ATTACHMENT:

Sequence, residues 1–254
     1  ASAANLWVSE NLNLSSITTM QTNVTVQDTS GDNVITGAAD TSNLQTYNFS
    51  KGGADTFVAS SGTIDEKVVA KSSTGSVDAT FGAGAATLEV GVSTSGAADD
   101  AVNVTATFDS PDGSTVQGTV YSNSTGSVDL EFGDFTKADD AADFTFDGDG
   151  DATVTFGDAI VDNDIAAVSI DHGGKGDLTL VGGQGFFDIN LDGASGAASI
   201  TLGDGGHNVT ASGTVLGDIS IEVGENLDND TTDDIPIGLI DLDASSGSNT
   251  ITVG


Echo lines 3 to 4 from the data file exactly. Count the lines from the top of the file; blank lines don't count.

    51  KGGADTFVAS SGTIDEKVVA KSSTGSVDAT FGAGAATLEV GVSTSGAADD
   101  AVNVTATFDS PDGSTVQGTV YSNSTGSVDL EFGDFTKADD AADFTFDGDG